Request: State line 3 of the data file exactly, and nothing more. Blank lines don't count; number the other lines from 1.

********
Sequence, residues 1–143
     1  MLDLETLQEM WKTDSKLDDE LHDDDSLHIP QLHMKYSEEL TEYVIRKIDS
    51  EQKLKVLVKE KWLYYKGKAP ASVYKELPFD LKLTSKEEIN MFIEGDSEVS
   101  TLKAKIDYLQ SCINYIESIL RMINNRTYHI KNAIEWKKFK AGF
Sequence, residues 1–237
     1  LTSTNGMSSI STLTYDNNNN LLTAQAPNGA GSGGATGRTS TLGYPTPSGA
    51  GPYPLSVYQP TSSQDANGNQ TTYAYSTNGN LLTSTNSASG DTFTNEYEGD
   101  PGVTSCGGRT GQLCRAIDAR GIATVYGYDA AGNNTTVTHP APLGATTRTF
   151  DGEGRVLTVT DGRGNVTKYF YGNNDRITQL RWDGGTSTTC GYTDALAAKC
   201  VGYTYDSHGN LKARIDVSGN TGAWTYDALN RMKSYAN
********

    51  EQKLKVLVKE KWLYYKGKAP ASVYKELPFD LKLTSKEEIN MFIEGDSEVS